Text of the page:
Sept. 30 (Bloomberg) -- Mick Davis, former chief executive officer of Xstrata Plc, raised $1 billion from Noble Group and private-equity fund TPG to start a resources company.
Noble, Asia’s largest raw-materials trader, and TPG agreed to each invest $500 million in the new company X2 Resources, according to a statement today from X2 Partners, founded by Davis and former Xstrata Chief Financial Officer Trevor Reid.
X2, also in talks with other potential investors, will use the funds to start a diversified mining and metals group. Davis, 55, and Reid, 52, were part of the team that set up Xstrata, a company that grew 100-fold to a market value of about $50 billion after 10 years of mergers, acquisitions and expansion.
“This is a great time to acquire assets in the mining sector,” said John Meyer, an analyst at London-based SP Angel Corporate Finance LLP. “The majors continue to offer sub-scale assets, including some better quality but smaller operations as they refocus on their larger cash generators.
‘‘Investors who follow Davis and other turnaround specialists in the sector could make a killing,’’ he said.
Barrick Gold Corp. ex-CEO Aaron Regent and former JPMorgan Chase & Co. banker Lloyd Pengilly are among those raking through unexploited mining assets. BHP Billiton Ltd. and Rio Tinto Group are leading asset disposals and may sell businesses and stakes amounting to as much as $35 billion, Deutsche Bank AG says.
Glencore International Plc, which in May completed the $29 billion all-share purchase of Xstrata, aims to sell Las Bambas, a Peruvian copper project it inherited from the takeover, to meet the terms of Chinese regulatory approval for the deal that created the world’s fourth-largest mining company.
X2 ‘‘will bid against the Chinese or maybe even with the Chinese for the Las Bambas copper mine in Peru,’’ Meyer said. ‘‘I wonder if they would also look to move into certain bulk commodities, e.g. iron ore and bauxite in Africa. There are opportunities for quick and large returns in this area for well-planned projects with relatively little outlay.’’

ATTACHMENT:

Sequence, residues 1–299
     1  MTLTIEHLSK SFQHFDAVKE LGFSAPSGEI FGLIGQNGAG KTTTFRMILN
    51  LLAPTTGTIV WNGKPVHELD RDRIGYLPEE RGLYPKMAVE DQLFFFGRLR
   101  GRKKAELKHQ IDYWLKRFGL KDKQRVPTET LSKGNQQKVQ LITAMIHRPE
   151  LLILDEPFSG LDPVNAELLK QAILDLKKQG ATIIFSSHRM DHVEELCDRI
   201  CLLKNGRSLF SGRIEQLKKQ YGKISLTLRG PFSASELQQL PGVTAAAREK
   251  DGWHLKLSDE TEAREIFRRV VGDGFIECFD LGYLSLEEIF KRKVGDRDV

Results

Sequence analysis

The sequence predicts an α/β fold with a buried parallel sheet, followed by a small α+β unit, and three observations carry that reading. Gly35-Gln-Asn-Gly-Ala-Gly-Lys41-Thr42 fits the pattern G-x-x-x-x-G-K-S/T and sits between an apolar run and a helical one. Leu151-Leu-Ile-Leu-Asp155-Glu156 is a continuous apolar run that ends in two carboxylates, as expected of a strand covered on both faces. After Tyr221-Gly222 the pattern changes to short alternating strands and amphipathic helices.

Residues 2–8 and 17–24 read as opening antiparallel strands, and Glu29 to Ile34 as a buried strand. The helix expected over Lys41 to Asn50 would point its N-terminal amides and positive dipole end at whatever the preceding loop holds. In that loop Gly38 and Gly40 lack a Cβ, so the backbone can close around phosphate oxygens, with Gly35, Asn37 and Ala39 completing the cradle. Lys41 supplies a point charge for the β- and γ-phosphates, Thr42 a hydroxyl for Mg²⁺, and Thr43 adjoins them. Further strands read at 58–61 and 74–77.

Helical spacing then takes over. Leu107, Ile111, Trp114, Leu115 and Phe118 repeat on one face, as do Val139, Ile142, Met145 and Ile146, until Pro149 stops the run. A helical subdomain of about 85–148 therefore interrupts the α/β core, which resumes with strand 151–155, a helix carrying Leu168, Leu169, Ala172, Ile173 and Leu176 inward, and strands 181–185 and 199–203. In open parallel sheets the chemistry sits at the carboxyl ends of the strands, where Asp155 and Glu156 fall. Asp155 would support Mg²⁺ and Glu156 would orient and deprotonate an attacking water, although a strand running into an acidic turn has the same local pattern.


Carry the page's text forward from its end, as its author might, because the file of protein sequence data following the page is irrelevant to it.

For Noble, the deal is an opportunity for the Singapore-listed company to mount a challenge to Glencore, according to Paul Gait, a mining analyst at Sanford C. Bernstein Ltd.
‘‘Noble sees a once relatively smaller-scale trader now becoming the fourth-biggest mining company as well and feels a strategic threat to its ability to secure tonnages going forward,’’ Gait said. ‘‘The need for flow of material seems to force traders to go upstream, and Noble in Mick certainly finds the track record and experience to deliver that.’’
Noble’s income from supply chains gained 12 percent in the second quarter as it continued to source more coal and added new hires to its oil and gas business, it said Aug. 8. The trader’s net income slid 68 percent to $62.8 million in the three months ended June 30, mainly from an agricultural-unit loss, it said.
Chinalco Mining Corp. International, MMG Ltd. and Citic Resources Holdings Ltd. are among Chinese companies studying offers for Las Bambas, which may be valued at about $5 billion, according to people with knowledge of the process.
Regent’s Magris Resources Inc. is considering a bid, people with knowledge of the matter said last month. Jiangxi Copper Co., China’s largest producer of the metal, is interested in Las Bambas, Company Secretary Pan Qifang said the same day.
X2 investors expect a repeat of the success Davis had with Xstrata, Meyer said. Noble will be X2’s preferred marketer and provider of supply-chain management and logistics services, while TPG, overseeing $55.3 billion of assets, will bring deals and access to investors, according to the statement.
Davis left as CEO of Glencore Xstrata in May, opting not to stay in the role for six months after the takeover, as had been planned. Glencore chief Ivan Glasenberg, 56, became CEO.
Goldman Sachs Group Inc. acted as financial adviser to X2 in the Noble-TPG transaction, according to the statement.
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